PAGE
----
In the sixth part, D’Amanti studies the well-known subject of the forgery of Pomponius Gauricus, who published Maximian’s Elegies under the name of Cornelius Gallus in 1502. The author presents Gauricus’ fraud well enough, but he would have benefited from White’s recent monograph on the subject, which unfortunately probably appeared too late for D’Amanti to take into account.[4] The seventh part of the introduction is a thorough study of Maximian’s reception from medieval to modern times. I find this section excellent. It is here that there is a less recent bibliographical omission, namely Brooke Hunter’s 2015 article, which offers valuable information on the use of Maximian’s Elegies as a medieval textbook.[5]

The following section of the introduction is well-organized and concerns the text of Maximian’s Elegies, a field that D’Amanti knows extremely well.[6] Here the author examines a variety of subjects, such as the manuscript tradition, the structures of the poems (including the question of a carmen continuum), and their diffusion (editions and translations of and commentaries on Maximian’s work in different languages). In the final part of the introduction, D’Amanti presents his criteria regarding the next sections of his book (the edition, translation, and commentary).

I find D’Amanti’s introduction to be comprehensive and multifaceted. He offers important information about Maximian’s poetry, the influence of previous poets on him, his text, and its reception. The one thing that he could perhaps have added is the possible influence of Byzantine epigrammatists (e.g. Agathias’ Cycle and Paul the Silentiary), since Maximian likely spent some of his life in Constantinople, as he tells us in Elegy 5. Nevertheless, D’Amanti’s introduction is a valuable and well-written guide for specialists and students alike.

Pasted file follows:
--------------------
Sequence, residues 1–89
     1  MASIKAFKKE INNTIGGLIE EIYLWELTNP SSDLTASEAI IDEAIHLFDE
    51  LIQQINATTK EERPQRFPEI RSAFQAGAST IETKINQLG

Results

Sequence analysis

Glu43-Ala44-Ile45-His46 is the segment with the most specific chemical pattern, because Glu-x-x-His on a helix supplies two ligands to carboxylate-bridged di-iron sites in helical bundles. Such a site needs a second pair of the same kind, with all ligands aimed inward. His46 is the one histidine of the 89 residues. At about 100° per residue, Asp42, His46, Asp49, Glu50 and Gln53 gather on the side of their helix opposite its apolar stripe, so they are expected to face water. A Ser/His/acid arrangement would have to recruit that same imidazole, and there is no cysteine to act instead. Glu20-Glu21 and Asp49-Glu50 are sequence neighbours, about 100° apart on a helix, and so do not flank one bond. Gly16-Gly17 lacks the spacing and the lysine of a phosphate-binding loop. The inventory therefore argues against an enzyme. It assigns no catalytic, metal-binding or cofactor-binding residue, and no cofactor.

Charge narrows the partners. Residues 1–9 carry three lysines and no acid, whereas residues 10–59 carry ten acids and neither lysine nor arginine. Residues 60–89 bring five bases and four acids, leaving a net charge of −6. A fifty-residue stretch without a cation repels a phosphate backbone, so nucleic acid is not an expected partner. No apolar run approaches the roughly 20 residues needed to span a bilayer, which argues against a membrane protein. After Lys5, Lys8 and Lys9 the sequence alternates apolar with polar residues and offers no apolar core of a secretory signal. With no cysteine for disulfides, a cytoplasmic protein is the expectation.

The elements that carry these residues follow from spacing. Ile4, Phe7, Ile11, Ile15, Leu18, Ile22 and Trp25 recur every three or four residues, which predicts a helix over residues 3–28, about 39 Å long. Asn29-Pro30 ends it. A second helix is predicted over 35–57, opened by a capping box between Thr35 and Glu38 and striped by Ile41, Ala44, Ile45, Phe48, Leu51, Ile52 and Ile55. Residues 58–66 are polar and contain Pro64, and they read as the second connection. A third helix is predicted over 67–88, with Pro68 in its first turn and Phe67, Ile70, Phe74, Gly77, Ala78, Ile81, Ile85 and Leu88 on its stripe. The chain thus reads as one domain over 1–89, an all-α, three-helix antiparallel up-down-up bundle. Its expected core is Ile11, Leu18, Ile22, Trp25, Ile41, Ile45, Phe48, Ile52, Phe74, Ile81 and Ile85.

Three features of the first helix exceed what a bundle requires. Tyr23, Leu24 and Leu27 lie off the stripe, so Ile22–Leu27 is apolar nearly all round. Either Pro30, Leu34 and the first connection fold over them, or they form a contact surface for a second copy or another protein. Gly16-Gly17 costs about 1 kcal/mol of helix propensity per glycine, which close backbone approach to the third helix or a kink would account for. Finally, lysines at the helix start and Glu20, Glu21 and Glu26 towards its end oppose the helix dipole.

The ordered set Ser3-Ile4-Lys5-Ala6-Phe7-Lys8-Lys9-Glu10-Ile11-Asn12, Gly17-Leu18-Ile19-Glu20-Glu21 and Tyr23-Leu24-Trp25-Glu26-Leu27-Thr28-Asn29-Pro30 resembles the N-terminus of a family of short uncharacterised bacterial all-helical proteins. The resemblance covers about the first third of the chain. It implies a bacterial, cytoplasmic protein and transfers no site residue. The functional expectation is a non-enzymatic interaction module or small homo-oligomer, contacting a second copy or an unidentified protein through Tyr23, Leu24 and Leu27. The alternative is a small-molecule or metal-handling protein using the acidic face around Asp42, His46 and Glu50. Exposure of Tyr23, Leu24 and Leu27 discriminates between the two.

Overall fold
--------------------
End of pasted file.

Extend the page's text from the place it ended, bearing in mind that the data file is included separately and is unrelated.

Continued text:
The next section is a thorough bibliography, divided into two categories; the first lists the editions, translations, and commentaries, and the second the relevant monographs and articles. In the second category, I would add three further studies that contribute to the analysis of Maximian’s impotence poem, i.e. Elegy 5, by Arcaz Pozo, McLaren, and Lavery.[7] Furthermore, Malick-Prunier’s 2011 book can contribute to the subject of the female body in the Elegies.[8] A list of abbreviations appears at the end of this section.

The next part of the book presents Maximian’s text on the left and its Italian translation on the right. A catalogue of sigla precedes. I believe that D’Amanti’s edition is one of the best, along with that of Schneider (2003). He mainly follows the codices antiquiores, but in some cases adopts the variants found in the more recent codices, where they have demonstrably better readings than the older manuscripts and preserve plausible emendations made by humanist scholars. The positive apparatus criticus is very helpful and also contains the most important conjectures by Maximian’s modern editors. The punctuation of the Latin text helps the reader, and it is maintained in the Italian rendering. The translation follows the Latin text and clarifies its meaning. Accordingly, it can stand alone, although it is not in verse (as is Juster’s translation).[9]